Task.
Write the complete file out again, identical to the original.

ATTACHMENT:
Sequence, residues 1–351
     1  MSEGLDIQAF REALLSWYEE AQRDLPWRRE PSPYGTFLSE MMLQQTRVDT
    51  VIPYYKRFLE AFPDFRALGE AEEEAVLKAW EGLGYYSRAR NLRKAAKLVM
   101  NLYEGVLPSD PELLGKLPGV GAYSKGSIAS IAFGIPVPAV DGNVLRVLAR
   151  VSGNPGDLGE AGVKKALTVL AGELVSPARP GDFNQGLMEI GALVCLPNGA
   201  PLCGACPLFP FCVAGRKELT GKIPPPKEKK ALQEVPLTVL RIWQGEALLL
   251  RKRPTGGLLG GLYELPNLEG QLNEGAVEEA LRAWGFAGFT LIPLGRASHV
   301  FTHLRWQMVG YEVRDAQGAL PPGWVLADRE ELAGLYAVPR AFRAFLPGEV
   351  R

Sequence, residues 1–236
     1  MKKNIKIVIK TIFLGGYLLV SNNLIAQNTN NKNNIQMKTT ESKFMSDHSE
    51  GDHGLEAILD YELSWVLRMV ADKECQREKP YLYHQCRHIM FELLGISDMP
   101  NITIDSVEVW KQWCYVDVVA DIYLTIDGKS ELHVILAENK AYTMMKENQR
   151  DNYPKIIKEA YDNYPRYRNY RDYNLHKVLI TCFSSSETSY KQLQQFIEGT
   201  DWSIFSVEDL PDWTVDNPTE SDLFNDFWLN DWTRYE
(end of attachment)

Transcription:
Sequence, residues 1–351
     1  MSEGLDIQAF REALLSWYEE AQRDLPWRRE PSPYGTFLSE MMLQQTRVDT
    51  VIPYYKRFLE AFPDFRALGE AEEEAVLKAW EGLGYYSRAR NLRKAAKLVM
   101  NLYEGVLPSD PELLGKLPGV GAYSKGSIAS IAFGIPVPAV DGNVLRVLAR
   151  VSGNPGDLGE AGVKKALTVL AGELVSPARP GDFNQGLMEI GALVCLPNGA
   201  PLCGACPLFP FCVAGRKELT GKIPPPKEKK ALQEVPLTVL RIWQGEALLL
   251  RKRPTGGLLG GLYELPNLEG QLNEGAVEEA LRAWGFAGFT LIPLGRASHV
   301  FTHLRWQMVG YEVRDAQGAL PPGWVLADRE ELAGLYAVPR AFRAFLPGEV
   351  R

Sequence, residues 1–236
     1  MKKNIKIVIK TIFLGGYLLV SNNLIAQNTN NKNNIQMKTT ESKFMSDHSE
    51  GDHGLEAILD YELSWVLRMV ADKECQREKP YLYHQCRHIM FELLGISDMP
   101  NITIDSVEVW KQWCYVDVVA DIYLTIDGKS ELHVILAENK AYTMMKENQR
   151  DNYPKIIKEA YDNYPRYRNY RDYNLHKVLI TCFSSSETSY KQLQQFIEGT
   201  DWSIFSVEDL PDWTVDNPTE SDLFNDFWLN DWTRYE